This is where a good manager is a great asset. He can help expand your networks, use his own, and use his experience of the industry to help open doors. A good manager will also play a supporting role for a driver, providing advise, a helping hand and even protection from an angry team! For this reason a manager has to be someone a driver trusts, a bad manager is worst then useless, they are detrimental to a successful season.

After explaining all this Julien then added a cautionary note about getting sponsors, “Because of the sums of money involved, even when a sponsor agrees to provide funding, it can take a very long time indeed for the money to come through.” This can create problems when deadlines loom.

Deadlines are ever present in motorsport, getting a car ready to go racing, out to qualifying, and getting it to the start of a race. However the deadlines start long before any car turns a wheel. To give an example, Blancpain was sold out in less then two months after the championship entry dates were announced. This means drivers have to be on the ball in getting everything organised, either that or take a leap of faith by booking their place, paying the entry fees and hoping that it all comes together. Julien said, “In an ideal world everything would be tied up by February in time for the entry forms and be ready to go testing, however reality is different”. The main reason for this is that many people are reluctant to commit, sponsors, teams and drivers are all included in this. “The motorsport world is full of bull-shitters, everyone is talking themselves up, trying to get their funding together or trying to ride off of other peoples success. However, people also forgive a lot. Everyone involved, from the person that cleans the wheels all the way to the head engineer, are all there because of one thing, a deep passion for motorsport”.

The final piece of the puzzle is a drivers team mates. In GT racing drivers share their car. This can be anything between one other driver to three others and getting the right team mate is just as important as getting the right car or team. It can also be as hard as finding sponsors and involves much of the same methods to find one. Julien explained that a good driver, at the same stage of his career (as Julien), with a budget, is a rare breed indeed. Added to this you also need to get on with him, he is your team mate after all, and ideally “you want someone of the same standard or better, so that you are continually working hard to better each other and improving all the time”. Failing that, if you partner up with a gentleman driver with money he has to be willing to work with you to improve his driving. After all you can only win if you have a good team mate.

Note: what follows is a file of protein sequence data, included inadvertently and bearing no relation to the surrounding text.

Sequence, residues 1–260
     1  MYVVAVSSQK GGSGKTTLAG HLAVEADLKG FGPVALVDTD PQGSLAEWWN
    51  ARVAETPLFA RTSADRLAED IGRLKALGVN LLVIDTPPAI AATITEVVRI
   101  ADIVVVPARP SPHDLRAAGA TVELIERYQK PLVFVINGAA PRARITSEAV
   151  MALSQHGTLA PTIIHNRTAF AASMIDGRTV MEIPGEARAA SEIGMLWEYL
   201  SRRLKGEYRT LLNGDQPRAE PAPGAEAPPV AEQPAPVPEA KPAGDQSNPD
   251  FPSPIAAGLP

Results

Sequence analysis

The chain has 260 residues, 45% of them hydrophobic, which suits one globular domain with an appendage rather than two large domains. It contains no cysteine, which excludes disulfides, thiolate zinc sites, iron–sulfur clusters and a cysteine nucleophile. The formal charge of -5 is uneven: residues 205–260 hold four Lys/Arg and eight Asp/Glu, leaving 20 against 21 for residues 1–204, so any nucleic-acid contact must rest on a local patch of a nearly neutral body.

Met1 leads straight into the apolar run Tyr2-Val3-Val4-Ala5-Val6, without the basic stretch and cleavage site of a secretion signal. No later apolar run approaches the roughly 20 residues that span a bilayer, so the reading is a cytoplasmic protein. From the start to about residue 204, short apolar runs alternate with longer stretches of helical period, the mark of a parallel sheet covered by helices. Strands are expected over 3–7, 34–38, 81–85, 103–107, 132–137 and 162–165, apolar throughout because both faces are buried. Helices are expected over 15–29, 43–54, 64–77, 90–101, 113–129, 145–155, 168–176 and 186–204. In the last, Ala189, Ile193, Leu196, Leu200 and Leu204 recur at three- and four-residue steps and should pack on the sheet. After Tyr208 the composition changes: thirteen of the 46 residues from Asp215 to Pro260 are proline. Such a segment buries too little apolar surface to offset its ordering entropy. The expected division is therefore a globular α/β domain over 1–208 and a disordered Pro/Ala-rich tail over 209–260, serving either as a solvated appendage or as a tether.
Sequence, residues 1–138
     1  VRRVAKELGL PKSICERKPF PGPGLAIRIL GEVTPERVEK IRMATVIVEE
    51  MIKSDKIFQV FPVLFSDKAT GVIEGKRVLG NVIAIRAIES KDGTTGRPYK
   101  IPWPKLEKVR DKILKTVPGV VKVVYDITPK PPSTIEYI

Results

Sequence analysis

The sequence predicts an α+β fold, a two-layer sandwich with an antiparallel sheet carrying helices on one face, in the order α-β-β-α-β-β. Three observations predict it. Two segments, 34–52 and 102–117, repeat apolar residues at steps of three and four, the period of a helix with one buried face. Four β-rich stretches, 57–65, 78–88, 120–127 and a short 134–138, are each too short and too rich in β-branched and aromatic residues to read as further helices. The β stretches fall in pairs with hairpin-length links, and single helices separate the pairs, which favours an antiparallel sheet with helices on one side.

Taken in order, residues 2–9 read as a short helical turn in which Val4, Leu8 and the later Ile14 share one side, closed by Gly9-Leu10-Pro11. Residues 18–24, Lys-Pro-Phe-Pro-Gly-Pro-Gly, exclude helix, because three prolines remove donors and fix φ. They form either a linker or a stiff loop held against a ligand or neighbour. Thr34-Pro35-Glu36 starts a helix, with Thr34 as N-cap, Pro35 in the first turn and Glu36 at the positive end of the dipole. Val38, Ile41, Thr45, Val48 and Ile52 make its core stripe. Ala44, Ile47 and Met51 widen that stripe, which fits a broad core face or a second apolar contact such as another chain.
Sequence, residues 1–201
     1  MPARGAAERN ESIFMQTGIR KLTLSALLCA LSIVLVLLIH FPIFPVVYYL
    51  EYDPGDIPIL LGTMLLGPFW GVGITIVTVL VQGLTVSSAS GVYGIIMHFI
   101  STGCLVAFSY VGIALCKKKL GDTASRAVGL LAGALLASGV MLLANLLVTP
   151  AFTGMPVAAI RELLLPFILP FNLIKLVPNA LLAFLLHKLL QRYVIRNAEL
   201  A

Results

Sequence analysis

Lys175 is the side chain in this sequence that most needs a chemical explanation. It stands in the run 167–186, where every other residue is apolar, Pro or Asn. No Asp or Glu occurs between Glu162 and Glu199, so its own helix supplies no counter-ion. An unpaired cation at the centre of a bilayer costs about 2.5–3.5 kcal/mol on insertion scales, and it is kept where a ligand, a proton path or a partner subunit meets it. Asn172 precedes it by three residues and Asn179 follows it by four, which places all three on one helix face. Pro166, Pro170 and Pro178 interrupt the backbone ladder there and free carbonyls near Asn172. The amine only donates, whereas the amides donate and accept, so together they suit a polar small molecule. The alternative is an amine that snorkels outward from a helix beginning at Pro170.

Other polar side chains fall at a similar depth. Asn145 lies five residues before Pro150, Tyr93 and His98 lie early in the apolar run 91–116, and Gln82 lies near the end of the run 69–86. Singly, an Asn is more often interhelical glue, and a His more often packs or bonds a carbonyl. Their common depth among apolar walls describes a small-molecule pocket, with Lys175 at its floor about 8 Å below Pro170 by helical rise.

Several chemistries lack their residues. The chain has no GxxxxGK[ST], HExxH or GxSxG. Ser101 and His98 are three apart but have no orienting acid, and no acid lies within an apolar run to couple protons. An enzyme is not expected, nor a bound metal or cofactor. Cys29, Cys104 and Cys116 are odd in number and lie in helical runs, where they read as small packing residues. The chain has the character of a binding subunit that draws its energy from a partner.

“So once you have your car sorted, team arranged, sponsors lined up, entry forms submitted and team mates on board what’s next?” Personal preparation Julien replies.

This means making sure that your racing license is valid for the series you want to compete in, your medical is in date (these last for 2 years at a time), and your fitness is where it needs to be. To make sure he is both physically and mentally fit before the season he sees a personal trainer 3 times a week, trains by himself another 3 days, has a carefully controlled diet, no red meat, no dairy, and no wheat, “just good, clean, healthy living”. This includes no booze for at least a month before he even steps in to the car. Over the winter some drivers also go karting to keep them sharp.

However it’s not all bad, before a season begins a driver needs to go shopping for new kit, something every driver loves. New gloves, new overalls, new boots, new HANS and a new helmet. We finished by talking about his helmet design. Julien works with a friend of his to design his helmet, the aim is for it to be individual and unique with personal touches that reflect him and what is important to him. The most obvious of these is the three flags ofFrance, where his Mum is from,South Africa, where his dad is from, and Julien’s own national flag, the Union Jack.

After all of this a driver is now ready to do, by what comparison would seem the easy bit, go racing!

I hope you have enjoyed this post, I want to say a massive thank you to Julien Draper for giving me a very open and honest account in to how a driver puts a season together and wish him every success for this season.

As always if you have any comments, questions for me or Julien, or feedback then please do so in the comments box below, and don’t forget to check out the Reuben likes Motorsport pages on Facebook and Google+ and other social media platforms like reddit, stumble and twitter!